UK SME’s set to miss out on mobile sales

News

UK SME’s set to miss out on mobile sales

Steve Bell

UK small and medium enterprises that don’t adopt mobile strategies are set miss out on revenues that could potentially run into billions of pounds, claims a survey from OnePoll.

The research canvassed 500 SME’s and revealed that only 18.4% plan to adopt a mobile presence in the coming 12 months. According to a 2013 report from Internet Retailer Global Mobile 500, five percent of retail sales are made via mobile devices, representing billions of pounds in annual sales.

The OnePoll survey says that 65.8% of the nation’s 4.9m SMEs that don’t have a mobile strategy will consequently miss out on potential sales of £52.6bn.

The survey was commissioned by AppsBuilder and its founder and CEO Daniele Pelleri said: “Mobile is changing our business landscape in a similar way to how the internet changed our economy; those who embrace mobile fastest will quickly reap the rewards from this... sales and communication channel.”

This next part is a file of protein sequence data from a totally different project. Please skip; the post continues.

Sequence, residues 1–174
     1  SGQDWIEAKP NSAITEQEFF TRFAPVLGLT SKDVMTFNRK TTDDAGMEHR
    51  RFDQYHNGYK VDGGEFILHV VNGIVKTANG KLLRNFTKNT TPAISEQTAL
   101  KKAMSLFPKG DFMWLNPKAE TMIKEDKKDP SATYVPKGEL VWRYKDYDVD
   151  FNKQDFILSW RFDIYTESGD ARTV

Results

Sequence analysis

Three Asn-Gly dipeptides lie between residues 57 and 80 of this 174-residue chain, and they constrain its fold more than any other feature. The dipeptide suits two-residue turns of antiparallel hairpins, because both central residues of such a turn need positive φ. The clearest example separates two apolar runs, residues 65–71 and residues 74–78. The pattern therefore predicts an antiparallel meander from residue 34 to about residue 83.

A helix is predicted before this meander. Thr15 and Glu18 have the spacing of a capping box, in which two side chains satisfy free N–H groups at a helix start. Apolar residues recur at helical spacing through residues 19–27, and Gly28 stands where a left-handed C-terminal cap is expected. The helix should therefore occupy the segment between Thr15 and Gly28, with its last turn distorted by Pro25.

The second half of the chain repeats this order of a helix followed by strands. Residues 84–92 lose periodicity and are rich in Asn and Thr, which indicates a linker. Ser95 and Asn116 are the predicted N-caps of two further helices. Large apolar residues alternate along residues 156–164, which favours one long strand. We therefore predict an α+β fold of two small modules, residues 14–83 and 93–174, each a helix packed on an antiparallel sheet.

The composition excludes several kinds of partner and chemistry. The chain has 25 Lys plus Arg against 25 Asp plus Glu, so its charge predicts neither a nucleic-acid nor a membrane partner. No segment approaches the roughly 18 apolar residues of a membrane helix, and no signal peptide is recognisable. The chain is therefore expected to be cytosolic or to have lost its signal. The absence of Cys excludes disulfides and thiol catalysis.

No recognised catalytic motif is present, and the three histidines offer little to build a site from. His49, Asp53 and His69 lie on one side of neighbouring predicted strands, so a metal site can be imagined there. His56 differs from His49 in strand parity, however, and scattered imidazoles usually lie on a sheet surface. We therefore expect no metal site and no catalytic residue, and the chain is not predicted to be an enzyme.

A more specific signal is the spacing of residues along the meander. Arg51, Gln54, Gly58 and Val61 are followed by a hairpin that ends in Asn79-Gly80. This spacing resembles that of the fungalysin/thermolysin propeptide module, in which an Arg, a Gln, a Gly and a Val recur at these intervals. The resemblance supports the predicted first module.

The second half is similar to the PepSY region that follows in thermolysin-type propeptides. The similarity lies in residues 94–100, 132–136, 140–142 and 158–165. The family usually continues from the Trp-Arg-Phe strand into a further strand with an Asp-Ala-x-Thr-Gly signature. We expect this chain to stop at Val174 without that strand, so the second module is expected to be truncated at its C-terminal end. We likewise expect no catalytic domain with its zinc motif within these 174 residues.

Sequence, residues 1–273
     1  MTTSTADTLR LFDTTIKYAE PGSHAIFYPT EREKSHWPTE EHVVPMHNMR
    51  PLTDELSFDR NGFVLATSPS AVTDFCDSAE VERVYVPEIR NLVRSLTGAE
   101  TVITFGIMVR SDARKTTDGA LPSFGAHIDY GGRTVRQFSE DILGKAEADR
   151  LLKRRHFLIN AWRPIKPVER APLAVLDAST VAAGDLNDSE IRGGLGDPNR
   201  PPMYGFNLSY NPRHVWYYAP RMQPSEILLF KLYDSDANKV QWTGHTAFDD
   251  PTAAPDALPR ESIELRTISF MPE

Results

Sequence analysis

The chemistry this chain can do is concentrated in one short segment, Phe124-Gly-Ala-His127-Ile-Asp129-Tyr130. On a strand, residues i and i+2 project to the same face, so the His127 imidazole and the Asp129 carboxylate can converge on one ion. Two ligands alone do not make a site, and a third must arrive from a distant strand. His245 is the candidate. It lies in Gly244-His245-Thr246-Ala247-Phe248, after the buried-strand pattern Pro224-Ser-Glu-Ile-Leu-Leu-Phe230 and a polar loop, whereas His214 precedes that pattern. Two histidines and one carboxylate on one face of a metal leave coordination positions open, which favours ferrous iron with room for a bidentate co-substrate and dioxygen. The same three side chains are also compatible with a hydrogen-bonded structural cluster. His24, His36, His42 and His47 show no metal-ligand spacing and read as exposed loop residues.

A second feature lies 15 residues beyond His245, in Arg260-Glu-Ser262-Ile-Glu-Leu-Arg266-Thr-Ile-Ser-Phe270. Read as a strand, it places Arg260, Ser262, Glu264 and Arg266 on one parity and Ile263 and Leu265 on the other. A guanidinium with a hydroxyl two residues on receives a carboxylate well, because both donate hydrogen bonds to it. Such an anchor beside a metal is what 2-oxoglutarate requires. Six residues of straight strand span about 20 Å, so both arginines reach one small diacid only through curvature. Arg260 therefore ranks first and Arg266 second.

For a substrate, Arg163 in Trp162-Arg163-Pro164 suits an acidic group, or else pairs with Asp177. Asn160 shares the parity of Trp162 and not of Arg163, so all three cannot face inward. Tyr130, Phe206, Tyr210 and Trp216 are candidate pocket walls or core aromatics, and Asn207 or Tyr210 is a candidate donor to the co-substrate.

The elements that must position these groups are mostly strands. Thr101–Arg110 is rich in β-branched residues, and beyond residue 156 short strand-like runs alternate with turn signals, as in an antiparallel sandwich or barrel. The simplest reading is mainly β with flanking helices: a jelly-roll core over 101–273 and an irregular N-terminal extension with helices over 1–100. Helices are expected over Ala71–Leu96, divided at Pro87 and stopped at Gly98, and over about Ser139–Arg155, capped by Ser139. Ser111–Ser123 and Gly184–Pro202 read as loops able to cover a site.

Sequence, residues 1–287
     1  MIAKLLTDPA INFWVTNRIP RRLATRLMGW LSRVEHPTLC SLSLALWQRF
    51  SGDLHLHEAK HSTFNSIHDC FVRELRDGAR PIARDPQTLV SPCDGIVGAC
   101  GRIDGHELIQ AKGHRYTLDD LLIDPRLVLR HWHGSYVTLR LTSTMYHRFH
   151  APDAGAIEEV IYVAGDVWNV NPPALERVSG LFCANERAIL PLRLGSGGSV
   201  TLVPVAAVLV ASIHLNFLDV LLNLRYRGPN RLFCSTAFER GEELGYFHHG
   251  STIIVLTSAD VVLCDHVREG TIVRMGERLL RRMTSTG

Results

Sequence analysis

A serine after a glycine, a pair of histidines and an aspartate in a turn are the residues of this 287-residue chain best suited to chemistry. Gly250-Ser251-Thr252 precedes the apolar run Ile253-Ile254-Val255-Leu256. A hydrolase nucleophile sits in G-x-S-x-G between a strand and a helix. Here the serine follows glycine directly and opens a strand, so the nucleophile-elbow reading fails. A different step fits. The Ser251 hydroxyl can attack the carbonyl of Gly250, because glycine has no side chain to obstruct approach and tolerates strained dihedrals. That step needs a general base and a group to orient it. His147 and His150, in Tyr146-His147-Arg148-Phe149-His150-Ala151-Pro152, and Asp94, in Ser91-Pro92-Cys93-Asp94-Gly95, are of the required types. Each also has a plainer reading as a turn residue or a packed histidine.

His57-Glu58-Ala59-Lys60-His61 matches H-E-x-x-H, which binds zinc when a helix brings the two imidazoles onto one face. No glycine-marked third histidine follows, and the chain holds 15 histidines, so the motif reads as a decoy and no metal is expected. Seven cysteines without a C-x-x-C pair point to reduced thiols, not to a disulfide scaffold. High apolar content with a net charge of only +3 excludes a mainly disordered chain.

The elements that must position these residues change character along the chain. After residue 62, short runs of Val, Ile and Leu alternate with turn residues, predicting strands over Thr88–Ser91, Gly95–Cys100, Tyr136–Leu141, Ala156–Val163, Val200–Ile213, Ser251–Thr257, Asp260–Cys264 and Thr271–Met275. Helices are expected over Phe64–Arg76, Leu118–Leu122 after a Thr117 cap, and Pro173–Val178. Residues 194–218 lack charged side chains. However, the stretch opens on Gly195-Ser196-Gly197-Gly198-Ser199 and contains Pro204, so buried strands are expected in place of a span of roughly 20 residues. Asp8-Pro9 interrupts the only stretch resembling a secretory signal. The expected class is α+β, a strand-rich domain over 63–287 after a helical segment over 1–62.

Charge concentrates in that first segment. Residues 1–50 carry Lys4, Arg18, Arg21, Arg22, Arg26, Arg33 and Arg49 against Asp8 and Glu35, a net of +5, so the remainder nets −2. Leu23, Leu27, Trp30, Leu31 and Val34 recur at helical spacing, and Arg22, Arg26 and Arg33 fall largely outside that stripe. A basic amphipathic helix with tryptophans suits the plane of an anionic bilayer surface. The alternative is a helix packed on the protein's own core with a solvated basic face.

The survey also revealed that the key barrier preventing SMEs from taking advantage of mobile technologies was a lack of technical knowledge, with 46% citing this as the main reason.  

This was closely followed by the cost of development with 36% citing this as a reason for not adopting mobile. A further 35% said they were unsure of the overall benefits of a mobile presence to their business.

The survey finding also differed according to regions. Fifty nine percent of SMEs in East Anglia and 55% in Northern Ireland are more likely to have adopted a mobile presence. However only 19% of businesses in the North East, and 22%  in the West Midlands, had mobile strategies in place. In London and the South East 45% of SMEs didn’t have a mobile strategy.

Of those SMEs who have implemented a mobile strategy, 44% spent up to £10,000, 55% spent between £10,000 and £100,000 and only a siungle percent spent over £100,000.

AppBuilders said this revealed how the cost of adopting a mobile strategy had dropped significantly since 2012 when anticipated costs were well over the £100,000 mark. 


Join the conversation Comment

Share
Comments

    Results

    Contribute to the conversation

    All fields are required. Comments will appear at the bottom of the article.